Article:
I think that’s the name of the series. I like the alliteration anyway. Better than Soul Gulper.
Perhaps you remember the character Raze from one of Sue Vincent’s #writephoto prompts. Well, he’s back with a series of his own.
I don’t have too much to share yet, but here’s a brief peek at the act of swallowing a soul:
When the others retired, Raze sat by the hearth, its flames dwindling to scarlet embers. His grief for Briyon unearthed old ghosts, his mother among them, an ageless portrait suspended in the gallery of his mind. Not so his memories of Mirelle. Those lingered with infinite fluidity, entangled with visions of the past and dreams of a future that would never be.
Six years had shuffled by since her death, five since he’d joined Briyon at the freehold, and no lever had proved long or strong enough to pry her from his heart. Loneliness invaded his body so deeply it punched the breath from his lungs and sapped the strength from his back, and no hoping and wishing could bring those people back. A twenty-one he was master of the freehold, a tired soul, angry at a world he couldn’t control.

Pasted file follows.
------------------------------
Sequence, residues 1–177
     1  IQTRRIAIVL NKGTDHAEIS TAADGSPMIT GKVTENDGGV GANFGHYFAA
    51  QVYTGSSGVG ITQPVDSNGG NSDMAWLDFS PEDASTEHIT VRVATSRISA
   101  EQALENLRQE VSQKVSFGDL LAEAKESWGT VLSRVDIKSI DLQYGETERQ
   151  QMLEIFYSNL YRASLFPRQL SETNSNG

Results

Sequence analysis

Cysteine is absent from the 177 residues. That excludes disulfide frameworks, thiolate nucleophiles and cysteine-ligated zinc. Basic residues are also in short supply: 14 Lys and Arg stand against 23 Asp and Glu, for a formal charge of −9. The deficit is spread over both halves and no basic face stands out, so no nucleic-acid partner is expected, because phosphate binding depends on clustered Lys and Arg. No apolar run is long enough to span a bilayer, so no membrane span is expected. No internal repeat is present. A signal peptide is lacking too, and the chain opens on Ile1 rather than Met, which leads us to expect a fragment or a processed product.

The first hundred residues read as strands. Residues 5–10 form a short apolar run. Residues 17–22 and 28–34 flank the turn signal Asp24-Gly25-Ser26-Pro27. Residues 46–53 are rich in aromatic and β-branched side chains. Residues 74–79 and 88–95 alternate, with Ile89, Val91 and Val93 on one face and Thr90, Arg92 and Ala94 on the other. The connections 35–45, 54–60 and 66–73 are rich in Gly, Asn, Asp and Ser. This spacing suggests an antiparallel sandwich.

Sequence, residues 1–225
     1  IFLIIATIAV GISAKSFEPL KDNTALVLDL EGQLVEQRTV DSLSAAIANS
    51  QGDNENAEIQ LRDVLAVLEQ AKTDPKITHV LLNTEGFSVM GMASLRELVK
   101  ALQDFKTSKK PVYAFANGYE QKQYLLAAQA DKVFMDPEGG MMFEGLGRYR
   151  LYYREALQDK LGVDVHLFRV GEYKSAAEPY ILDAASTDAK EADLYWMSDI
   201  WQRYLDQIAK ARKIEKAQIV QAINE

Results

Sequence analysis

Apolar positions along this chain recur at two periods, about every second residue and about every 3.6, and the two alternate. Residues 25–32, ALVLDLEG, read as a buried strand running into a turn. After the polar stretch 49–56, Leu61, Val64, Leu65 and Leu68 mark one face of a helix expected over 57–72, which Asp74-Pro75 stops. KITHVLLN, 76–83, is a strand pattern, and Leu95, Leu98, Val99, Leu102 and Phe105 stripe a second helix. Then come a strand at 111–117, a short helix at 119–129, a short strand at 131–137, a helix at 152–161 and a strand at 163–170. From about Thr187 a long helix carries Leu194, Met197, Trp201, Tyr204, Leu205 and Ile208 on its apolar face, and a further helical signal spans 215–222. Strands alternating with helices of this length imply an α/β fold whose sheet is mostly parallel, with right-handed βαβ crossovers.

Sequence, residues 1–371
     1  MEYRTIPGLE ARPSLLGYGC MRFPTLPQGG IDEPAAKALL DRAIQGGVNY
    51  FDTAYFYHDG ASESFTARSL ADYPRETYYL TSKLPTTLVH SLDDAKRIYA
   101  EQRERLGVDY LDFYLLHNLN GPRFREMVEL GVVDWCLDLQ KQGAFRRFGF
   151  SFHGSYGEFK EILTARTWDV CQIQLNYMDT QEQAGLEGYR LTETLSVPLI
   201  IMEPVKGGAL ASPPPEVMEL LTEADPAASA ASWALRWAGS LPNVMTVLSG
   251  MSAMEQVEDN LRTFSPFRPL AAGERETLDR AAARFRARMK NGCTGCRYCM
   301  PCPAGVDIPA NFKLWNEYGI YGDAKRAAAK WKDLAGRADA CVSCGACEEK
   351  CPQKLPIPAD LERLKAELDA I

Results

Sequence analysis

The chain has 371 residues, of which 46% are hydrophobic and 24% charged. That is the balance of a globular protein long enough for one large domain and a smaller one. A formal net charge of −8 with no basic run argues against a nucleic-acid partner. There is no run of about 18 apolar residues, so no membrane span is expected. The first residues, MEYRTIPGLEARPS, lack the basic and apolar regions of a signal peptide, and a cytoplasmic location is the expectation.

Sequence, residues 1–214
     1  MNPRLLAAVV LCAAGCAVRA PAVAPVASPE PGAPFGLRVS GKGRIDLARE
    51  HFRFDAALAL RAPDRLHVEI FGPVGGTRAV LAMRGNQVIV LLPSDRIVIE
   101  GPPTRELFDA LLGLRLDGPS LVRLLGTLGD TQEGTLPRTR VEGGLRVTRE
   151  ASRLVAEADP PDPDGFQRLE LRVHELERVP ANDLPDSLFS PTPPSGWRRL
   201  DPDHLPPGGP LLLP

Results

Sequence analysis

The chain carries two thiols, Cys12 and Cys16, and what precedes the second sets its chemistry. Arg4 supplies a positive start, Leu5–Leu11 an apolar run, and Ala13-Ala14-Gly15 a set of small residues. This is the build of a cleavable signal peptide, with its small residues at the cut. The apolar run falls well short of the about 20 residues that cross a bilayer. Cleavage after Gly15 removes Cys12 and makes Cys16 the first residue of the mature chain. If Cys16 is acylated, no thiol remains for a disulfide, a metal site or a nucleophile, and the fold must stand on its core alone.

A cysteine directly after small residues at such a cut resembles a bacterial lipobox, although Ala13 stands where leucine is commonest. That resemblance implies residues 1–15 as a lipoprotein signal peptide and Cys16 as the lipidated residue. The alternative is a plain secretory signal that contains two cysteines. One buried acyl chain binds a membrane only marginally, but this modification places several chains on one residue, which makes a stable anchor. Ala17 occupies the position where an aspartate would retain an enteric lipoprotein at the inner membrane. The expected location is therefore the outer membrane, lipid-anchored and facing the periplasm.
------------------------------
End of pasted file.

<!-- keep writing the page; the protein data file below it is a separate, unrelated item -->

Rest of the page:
He turned the pendant over in his hand, keenly aware of its delicate beauty. The white soulstone had transformed, no longer solid but translucent with pale wisps of color swirling like morning mist. Copper wire the breadth of a strand of hair coiled around it, holding a round sliver of peridot in place with a final twist of two tiny leaves. It glowed with a soft light, indicating the presence of a soul. A soul he loved.
With great care, he unhooked the copper leaves, unwound the wire, and removed the green gem that capped a small hole. Inside, an iridescent sphere resembling a pearl shone with a brilliance that startled him. Were all souls so bright? He didn’t know; this was his first. He rolled it into his hand. Would he swallow it? Did he want what Briyon offered? Was there anything to fear?
The pearl of light glowed in his palm, offering no insight. He placed it back into the pendant. No need to choose; no decision pressed him to act with haste. The round gem refitted, he coiled the wires, paused, and then uncoiled them. In one fluid motion, he uncapped the pendant, tipped the sphere into his mouth, and swallowed.
A rush of heat streamed from his belly, up through his heart into his head and down his limbs to his fingers and toes. His body trembled, the sensation alien, but not frightening, and not long lived, for it subsided as quickly as it had overtaken him. Eyes closed, he accepted Briyon’s soul. In the quiet of night, he exhaled a long breath, crept to bed, and dreamed another man’s dreams.